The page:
Jacob A. Riis Museum
Jacob A. Riis (1849–1914) is perhaps the most influential Danish emigrant throughout history. In the center of Jacob A. Riis’ birth town, Ribe – the oldest town in Scandinavia – Museum of South West Jutland (Sydvestjyske Museer) owns a block of renaissance and 19th century buildings. These buildings are to be developed into a museum complex. Among the buildings we find the home where Jacob A. Riis grew up.
In this house the museum will create an internationally oriented museum, which on one hand will show the efforts and importance of
Jacob A. Riis’ work and on the other hand will focus on and put the themes that Riis was so highly involved in improving into perspective.
Furthermore, with basis in one of Riis’ other famous books, The Making of an American, the museum will focus on what made Riis into the person he was and what more generally is part of forming a person’s identity and nationality.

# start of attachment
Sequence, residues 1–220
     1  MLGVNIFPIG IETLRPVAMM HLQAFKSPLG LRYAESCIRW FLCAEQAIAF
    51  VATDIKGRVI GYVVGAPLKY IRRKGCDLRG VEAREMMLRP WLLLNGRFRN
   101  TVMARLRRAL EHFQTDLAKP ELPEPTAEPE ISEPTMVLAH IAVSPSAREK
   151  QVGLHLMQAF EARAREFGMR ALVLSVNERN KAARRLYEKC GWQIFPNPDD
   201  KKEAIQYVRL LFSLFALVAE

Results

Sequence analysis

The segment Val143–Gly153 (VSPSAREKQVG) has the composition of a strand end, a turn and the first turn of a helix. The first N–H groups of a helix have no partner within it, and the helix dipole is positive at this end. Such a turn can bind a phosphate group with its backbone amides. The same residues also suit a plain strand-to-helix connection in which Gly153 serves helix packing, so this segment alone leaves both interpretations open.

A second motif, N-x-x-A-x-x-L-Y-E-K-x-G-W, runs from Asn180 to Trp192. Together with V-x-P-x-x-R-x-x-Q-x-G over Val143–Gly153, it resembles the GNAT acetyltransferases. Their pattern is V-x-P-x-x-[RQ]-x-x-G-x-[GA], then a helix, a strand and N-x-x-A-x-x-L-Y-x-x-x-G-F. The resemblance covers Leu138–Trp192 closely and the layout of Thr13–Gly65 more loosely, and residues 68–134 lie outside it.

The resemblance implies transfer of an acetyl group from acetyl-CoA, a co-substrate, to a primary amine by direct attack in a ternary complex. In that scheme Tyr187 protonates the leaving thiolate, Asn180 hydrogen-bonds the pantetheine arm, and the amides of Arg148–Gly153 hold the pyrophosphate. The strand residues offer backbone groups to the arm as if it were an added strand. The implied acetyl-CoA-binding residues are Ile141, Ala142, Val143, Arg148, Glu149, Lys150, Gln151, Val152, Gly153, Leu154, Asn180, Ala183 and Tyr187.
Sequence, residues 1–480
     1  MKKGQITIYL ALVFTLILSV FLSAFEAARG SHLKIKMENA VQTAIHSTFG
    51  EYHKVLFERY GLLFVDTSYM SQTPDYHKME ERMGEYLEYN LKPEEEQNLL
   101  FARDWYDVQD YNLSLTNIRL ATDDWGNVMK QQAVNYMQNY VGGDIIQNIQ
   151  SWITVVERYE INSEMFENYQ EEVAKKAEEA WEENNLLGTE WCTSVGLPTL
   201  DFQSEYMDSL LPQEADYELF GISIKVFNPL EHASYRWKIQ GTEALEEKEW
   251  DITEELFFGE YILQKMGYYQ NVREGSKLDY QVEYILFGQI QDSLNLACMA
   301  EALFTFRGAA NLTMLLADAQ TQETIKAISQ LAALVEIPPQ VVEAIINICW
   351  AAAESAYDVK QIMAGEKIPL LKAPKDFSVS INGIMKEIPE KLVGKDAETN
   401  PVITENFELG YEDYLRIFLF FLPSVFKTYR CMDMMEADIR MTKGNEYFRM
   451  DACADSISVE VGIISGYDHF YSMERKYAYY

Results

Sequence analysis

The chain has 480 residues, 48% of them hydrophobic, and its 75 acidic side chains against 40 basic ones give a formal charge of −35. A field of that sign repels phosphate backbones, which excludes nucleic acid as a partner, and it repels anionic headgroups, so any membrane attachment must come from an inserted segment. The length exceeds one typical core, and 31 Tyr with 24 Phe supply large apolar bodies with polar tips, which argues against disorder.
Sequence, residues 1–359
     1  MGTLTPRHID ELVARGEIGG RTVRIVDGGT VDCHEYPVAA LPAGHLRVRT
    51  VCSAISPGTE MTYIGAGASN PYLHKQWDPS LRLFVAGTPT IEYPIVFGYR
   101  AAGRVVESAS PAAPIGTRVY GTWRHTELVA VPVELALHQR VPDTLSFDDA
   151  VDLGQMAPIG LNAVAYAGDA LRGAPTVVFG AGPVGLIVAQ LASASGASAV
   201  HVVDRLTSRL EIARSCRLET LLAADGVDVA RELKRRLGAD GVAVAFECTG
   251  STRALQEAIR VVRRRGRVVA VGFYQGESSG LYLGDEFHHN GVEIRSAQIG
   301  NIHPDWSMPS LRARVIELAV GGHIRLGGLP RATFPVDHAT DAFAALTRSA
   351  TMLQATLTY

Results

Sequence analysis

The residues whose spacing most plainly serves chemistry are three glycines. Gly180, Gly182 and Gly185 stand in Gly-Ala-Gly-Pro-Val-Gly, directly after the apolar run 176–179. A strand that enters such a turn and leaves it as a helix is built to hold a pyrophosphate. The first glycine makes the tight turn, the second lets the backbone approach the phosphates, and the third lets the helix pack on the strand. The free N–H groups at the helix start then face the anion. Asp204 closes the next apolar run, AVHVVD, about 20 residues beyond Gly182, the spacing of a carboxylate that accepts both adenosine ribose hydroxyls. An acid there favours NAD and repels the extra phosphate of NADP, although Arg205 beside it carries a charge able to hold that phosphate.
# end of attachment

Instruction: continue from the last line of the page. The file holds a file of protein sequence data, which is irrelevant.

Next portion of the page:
How the other half lives
Jacob A. Riis created social change in his new homeland – the USA, and was in his time a famous person and close personal friend of President Theodore Roosevelt.
As a journalist he is seen as the creator of documentary photography.
By means of his photos he showed the squalor of which he wrote more vividly than his words could express. He gathered his experiences in the book How the Other Half Lives (1890). This book had great influence on the public understanding of the miserable condition under which especially immigrants lived in New York.
Jacob A. Riis is to this day still current and relevant:
The Jacob A. Riis Settlement plays an important role in Queens.
The Museum of the City of New York, which holds the vast collection of Jacob A. Riis’ glass negatives, showed the exhibition Jacob A. Riis: Revealing New York’s Other Half in Fall 2015; Jacob A. Riis: Revealing New York’s Other Half (Yale University Press, 2015) was published by Riis expert Bonnie Yochelson; the new Jacob A. Riis exhibition opened at the Library of Congress in Washington in April 2016 – all testify to his continuing relevance.